Posted on January 10, 2008
Filed Under Bubble Watch |
In my new column, Bubble Watch, I will highlight what I see as signs of the growing bubble commonly called Web 2.0.
Washington-based LiveMocha has raised $6 million in a first round of funding led by Maveron Equity Partners. by PaidContent:
The site offers lessons that users can sign up for, as well as the ability to converse with other users for practice. Members can also offer tutoring services using the site. The site, which launched in September, is hoping to offer an alternative to traditional at-home language learning packages that come on CDs or CD-ROMs.
$6 million for a “social network for learning languages” seemed a bit much when I read this, so I decided to explore further. I went to LiveMocha’s website and luckily enough, the company’s “About” page is written like an executive summary:
LiveMocha is an exciting Web 2.0 startup founded by a group of experienced and successful entrepreneurs based in the Seattle area. We started LiveMocha to ride one of the greatest macro economic trends of our time - globalization.
According to Goldman Sachs, by 2025, the BRIC economies will account for more than half the GDP of the G6 economies and by 2050, they will be larger than the G6 economies. Along with globalization, we have seen a tremendous boom in immigration and travel between various countries. In 2000, over 95 million people immigrated to other countries. International arrivals are projected to grow from 694 million to 1.6 billion by 2020 with East Asia and the Pacific expected to record the highest growth rates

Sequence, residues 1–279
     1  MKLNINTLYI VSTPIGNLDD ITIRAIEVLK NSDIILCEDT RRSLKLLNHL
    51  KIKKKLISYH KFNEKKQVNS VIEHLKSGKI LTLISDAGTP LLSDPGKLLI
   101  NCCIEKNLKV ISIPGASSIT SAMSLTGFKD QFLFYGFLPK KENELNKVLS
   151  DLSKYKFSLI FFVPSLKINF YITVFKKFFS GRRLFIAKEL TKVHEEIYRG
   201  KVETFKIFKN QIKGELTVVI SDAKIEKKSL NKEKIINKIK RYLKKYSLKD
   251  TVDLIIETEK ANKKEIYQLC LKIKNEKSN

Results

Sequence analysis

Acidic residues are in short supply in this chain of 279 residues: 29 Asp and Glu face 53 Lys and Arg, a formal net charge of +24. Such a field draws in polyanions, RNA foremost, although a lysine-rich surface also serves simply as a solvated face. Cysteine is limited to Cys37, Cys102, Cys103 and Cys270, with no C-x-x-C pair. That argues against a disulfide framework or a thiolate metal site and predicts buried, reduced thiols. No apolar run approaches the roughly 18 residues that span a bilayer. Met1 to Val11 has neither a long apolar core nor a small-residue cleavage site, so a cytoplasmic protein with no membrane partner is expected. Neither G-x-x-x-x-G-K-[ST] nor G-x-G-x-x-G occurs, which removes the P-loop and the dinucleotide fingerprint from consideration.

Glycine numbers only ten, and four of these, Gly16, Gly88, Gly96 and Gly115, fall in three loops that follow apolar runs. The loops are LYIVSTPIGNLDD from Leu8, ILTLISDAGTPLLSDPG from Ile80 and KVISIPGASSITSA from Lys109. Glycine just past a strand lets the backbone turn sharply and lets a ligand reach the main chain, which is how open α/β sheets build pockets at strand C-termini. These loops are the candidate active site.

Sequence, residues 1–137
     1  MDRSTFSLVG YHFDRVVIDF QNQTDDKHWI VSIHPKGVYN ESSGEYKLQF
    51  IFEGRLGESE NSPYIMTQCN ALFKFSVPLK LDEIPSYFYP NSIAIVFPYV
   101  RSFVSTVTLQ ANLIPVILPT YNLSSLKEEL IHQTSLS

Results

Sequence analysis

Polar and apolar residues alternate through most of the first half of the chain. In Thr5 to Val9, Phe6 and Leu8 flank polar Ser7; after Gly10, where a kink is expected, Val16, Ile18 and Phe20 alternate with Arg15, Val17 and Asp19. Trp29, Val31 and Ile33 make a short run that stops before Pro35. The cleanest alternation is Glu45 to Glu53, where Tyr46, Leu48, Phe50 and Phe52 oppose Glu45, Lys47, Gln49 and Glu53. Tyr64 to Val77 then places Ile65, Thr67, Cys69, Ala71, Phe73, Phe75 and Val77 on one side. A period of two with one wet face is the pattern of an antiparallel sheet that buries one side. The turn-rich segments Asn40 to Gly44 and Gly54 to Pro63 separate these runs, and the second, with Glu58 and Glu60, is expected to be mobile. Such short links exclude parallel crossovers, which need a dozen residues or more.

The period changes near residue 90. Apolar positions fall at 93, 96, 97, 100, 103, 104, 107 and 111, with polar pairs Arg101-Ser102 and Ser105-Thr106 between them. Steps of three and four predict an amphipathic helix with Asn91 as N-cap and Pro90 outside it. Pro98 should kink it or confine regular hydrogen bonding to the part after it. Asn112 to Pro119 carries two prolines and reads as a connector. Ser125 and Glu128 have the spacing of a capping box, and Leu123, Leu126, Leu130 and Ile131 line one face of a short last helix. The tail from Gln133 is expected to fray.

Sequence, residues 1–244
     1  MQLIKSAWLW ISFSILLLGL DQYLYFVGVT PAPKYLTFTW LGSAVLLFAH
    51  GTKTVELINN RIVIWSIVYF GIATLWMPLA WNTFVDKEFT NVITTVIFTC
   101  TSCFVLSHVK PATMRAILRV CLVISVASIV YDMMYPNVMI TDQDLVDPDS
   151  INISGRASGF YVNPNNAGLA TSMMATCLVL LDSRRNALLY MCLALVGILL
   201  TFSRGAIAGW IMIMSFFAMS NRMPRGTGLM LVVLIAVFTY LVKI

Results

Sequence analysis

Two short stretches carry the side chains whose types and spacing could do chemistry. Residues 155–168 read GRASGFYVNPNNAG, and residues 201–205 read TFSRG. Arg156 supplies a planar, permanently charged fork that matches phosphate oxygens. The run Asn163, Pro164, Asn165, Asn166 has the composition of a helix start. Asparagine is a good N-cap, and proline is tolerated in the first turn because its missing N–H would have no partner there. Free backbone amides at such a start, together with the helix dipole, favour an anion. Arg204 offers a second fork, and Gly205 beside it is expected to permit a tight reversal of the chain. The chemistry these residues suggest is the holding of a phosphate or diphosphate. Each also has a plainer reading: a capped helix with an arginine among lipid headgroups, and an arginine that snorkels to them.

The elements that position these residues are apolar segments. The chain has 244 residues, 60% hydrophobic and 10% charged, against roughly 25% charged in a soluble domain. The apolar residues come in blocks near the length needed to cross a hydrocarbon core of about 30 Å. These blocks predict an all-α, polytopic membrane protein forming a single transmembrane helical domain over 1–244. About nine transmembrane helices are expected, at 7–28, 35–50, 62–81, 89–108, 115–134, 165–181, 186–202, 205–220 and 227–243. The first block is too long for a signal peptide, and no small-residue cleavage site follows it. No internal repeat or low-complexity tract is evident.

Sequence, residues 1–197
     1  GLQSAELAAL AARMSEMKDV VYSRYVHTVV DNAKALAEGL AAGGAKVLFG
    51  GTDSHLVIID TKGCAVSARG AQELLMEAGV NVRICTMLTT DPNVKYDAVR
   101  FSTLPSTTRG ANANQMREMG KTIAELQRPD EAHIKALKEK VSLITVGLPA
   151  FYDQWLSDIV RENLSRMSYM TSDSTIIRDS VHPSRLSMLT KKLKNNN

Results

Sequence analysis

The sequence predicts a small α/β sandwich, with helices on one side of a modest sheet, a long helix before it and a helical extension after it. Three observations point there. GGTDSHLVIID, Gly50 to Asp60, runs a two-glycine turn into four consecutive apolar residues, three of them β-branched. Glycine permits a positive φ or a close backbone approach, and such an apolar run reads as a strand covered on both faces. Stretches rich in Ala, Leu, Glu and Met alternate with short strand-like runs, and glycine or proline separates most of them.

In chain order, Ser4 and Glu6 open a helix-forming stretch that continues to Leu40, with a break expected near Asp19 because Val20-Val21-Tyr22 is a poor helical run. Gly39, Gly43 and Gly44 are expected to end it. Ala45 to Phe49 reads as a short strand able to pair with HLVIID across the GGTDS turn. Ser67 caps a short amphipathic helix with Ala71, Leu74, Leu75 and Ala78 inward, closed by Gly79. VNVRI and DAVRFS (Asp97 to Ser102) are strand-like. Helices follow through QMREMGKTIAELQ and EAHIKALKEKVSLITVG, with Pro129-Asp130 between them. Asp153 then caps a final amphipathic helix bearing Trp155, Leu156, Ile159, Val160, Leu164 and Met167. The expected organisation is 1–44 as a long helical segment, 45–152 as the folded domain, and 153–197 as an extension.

Like many other Web 2.0 companies, we believe we can significantly disrupt the market and deliver significant new value by leveraging the latest trends in social networking to connect people in new and exciting ways and leverage their collective intelligence. Our business model involves advertising, but is based on the foundation of a real subscription model that will generate substantial revenue. Over time, we will build the scale necessary to serve up a highly profitable advertising model